Faith musings from the seat of a forklift.
Growth. This is quite the buzz word. For a business to survive, it really need to grow. The best way to grow is find untapped markets and find a way to get into those markets. Sometimes that means getting into something that is normally outside your comfort zone. It could, if you work in the shipping industry, mean looking into shipping freight to Oymyakon in Russia during the coldest time of the year.
Growth. It is also quite the buzz word in church. In the Lutheran church, we often hear of movements like “Ablaze” and “5-2”. Both in and out of the Lutheran church we hear another word. This word has a way of turning many away from the Christian faith. That word is “Mega-Church”.
I live in a city that has a couple of these “Mega-Church” places in it and then there is another one about an hour up the road from me. I have been to one of the local ones as well as the one up the road. I have never felt more uncomfortable in a church before. Maybe it is because I am an outsider, maybe it is because I am of a liturgical church background, whatever the reason, there is something about these churches that bothers me. Specifically, how empty they feel despite being so crowded.
How can a church seem empty while being crowded? Perhaps it was the sermon. I have never been to a “Mega-Church” that had a sermon that gave a proper distinction between law and gospel. Likewise, it seems that nobody really knew each other, or if they did, their relationships were quite shallow. Not only their relationships, but also their prayer life. I could not help but overhear two girls talking after a particular service at one of these churches and one girl asked for prayer that she’d marry a certain “hot guy” and get into a very expensive school without an obligation to pay for it. Quite superficial.
Sadly, this is not an anomaly. Both of these “Mega-Church” groups that I visited were the same in these regards. They also practiced a very common form of decision theology, in which somehow we have the power to choose to become a Christian. The phraseology is always the same. You can hear it when they say “I made a decision for Christ” or “I gave myself to Christ”. Another popular phrase in these churches is “I chose to become a Christian”. Truthfully, there is nothing we can do to save ourselves. Christ Jesus did it all.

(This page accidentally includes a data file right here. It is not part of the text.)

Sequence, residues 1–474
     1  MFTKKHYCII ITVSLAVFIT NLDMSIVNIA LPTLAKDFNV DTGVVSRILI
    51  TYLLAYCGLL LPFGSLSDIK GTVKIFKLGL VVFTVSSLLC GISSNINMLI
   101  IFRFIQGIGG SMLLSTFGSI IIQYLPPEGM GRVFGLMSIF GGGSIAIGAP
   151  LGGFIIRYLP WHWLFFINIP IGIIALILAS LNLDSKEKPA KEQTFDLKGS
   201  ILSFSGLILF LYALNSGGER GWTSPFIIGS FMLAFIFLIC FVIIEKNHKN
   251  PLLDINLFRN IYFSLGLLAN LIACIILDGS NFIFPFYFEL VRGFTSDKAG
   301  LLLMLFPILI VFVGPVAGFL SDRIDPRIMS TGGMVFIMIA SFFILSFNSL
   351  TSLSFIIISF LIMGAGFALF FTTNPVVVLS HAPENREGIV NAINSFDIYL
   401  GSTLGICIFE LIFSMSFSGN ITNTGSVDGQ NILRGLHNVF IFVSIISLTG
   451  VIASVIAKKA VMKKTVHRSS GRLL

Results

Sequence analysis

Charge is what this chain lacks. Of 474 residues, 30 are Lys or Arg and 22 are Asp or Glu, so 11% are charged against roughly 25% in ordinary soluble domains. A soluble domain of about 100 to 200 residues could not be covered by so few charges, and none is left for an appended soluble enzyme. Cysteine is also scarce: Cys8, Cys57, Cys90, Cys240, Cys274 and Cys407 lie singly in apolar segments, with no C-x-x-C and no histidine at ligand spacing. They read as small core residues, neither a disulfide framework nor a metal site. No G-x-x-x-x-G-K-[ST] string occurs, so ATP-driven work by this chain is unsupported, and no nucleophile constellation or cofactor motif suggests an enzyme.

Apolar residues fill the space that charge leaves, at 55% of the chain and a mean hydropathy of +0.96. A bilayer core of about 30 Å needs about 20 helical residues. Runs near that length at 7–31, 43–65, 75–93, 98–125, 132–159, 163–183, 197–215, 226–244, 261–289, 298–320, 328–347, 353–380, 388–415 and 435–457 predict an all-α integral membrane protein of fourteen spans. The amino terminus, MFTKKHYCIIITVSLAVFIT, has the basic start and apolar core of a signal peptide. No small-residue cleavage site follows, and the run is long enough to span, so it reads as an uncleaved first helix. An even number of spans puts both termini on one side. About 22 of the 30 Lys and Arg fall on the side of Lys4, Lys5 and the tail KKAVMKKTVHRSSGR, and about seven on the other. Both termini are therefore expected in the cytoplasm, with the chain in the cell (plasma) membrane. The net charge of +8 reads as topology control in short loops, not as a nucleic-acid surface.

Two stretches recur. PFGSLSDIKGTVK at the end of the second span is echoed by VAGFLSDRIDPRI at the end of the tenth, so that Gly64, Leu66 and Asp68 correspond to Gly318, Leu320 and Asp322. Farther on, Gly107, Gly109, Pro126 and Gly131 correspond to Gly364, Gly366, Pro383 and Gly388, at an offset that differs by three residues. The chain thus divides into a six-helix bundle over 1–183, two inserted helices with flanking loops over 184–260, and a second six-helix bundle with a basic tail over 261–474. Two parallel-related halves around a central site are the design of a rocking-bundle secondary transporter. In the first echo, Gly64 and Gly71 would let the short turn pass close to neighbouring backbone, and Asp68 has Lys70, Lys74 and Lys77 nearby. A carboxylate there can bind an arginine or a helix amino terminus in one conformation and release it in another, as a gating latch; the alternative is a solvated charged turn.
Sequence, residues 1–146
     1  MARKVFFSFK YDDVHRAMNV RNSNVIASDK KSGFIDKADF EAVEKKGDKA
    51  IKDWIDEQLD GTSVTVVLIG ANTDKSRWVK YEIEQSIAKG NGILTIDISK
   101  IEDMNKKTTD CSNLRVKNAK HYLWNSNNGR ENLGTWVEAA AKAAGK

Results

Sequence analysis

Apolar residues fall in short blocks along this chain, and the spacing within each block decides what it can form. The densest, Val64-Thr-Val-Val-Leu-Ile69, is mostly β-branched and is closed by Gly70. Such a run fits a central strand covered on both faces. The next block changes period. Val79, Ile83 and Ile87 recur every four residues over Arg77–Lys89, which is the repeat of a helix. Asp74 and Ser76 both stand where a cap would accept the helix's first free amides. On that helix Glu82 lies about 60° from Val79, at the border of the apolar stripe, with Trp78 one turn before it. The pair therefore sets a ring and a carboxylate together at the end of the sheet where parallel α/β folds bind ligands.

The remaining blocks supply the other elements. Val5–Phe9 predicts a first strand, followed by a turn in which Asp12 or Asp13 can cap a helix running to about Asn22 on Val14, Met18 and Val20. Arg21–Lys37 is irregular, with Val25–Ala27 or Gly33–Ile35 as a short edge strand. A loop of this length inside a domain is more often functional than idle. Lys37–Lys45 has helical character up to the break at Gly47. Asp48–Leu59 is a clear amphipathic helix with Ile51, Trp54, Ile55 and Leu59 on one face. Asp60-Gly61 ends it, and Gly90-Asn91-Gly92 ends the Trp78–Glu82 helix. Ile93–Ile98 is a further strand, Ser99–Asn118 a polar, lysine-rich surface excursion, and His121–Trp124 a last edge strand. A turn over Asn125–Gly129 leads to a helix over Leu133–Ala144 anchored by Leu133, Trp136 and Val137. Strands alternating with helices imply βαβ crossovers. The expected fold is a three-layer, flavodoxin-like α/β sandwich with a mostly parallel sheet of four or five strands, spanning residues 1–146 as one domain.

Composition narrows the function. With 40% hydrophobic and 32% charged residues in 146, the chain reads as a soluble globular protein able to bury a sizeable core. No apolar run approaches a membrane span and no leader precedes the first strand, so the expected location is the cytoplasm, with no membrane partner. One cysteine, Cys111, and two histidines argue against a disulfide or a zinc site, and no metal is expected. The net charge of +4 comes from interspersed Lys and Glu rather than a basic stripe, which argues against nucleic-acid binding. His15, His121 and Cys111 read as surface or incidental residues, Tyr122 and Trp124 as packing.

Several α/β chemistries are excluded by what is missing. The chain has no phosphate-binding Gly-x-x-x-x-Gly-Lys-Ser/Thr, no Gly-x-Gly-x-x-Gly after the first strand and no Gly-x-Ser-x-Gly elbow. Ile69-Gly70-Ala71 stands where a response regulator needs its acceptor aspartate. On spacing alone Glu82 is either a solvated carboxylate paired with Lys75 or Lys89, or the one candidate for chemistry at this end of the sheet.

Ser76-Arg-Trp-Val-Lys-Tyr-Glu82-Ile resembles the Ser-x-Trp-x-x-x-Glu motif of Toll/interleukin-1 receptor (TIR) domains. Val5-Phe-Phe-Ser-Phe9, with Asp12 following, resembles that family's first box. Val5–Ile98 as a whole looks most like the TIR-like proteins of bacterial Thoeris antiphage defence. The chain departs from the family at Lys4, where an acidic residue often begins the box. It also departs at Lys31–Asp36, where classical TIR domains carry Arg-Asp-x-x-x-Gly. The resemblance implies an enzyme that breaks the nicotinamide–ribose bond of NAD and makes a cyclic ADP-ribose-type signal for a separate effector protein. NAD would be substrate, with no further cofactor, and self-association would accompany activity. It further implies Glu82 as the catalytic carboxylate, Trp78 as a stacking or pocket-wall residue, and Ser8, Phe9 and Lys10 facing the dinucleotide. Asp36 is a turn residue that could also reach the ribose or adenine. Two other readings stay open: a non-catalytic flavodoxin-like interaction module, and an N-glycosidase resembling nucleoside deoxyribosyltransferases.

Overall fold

Now, we are called to “Go forth into the Nations” and to “Preach the Gospel”. There is no argument there. We are also called to “Not forsake fellowship with one another”. Thus, I have no issue with the idea of church and most assuredly encourage people to attend worship. However, when the church is little more than a shallow social club, which many “Mega-Church” groups give the appearance of being, I have a problem. I despise empty, shallow, worship services in which I hear “feel good fluff” sermons.
The Apocalypse, also known as Revelation, makes reference in 14:6 to “an eternal gospel to proclaim to those who dwell on earth”. This gospel is that very gospel that we are to preach to all the nations. However, that gospel must all be accompanied by the law. For it is the law that convicts and condemns us of our sins, and the gospel which brings the good news of forgiveness and salvation. Any church that does not preach this is not a church. It is a social club.
Yes, I am well aware of Acts chapter 2. However, that entire chapter has been twisted to justify all manner of poor theology. It is true that many were added to the early church rather quickly. However, this was never meant to be the standard practice. If anything, it shows how much people needed the truth of salvation through the sacrifice of Christ Jesus upon the cross. Peter said it best when he confronted the people on that first day of Pentecost with the crucifixion of Christ Jesus and how it was meant for the salvation of all.
Obviously I am opposed to the idea of a “Mega-Church”. So what then? What is my idea of the ideal church? Truthfully, I believe the best church is one that preaches both the law and gospel, and the congregation is roughly 150 to 200, not much more. A church larger than that is just asking for trouble, and is just an empty social club.
Ironically, there was a movie that, without saying it directly, glossed over this issue of the church being a social club. In the movie, the characters identified as Christians, but felt no shame in sinful behavior and backing down from their faith in favor of popular opinion. They still attended church, but the church emphasized its social programs. At the end of the movie, two of the characters watched the main character, a time traveller, vanish before their very eyes, and all they could think was that they missed the rapture. Yes, their church was a social club. That movie was called “Time Changer”.
Growth. It can be a good thing, especially for a business. However, a church should only permit so much growth before it has to ask if it is time to split into two congregations. No church should get so large that the pastor doesn’t know his congregation, nor do the members of the congregation know one another. To this end, I would encourage anyone thinking of joining a church to find a small local congregation. Better to attend a small church that knows you than a large church that doesn’t know you exist.
A church that has become a social club and is only focused on growth is a dying church. Such congregations need to repent and get back to the truth of scripture. Nothing less is sufficient.
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